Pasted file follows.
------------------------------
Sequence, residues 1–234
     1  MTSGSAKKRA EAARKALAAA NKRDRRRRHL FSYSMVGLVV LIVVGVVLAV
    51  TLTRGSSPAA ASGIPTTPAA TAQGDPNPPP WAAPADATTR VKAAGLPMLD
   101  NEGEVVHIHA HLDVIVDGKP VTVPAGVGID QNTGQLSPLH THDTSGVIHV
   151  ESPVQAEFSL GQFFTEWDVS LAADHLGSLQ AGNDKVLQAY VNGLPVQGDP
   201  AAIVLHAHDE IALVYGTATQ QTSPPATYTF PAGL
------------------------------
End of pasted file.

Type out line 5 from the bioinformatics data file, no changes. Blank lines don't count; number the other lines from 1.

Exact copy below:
   151  ESPVQAEFSL GQFFTEWDVS LAADHLGSLQ AGNDKVLQAY VNGLPVQGDP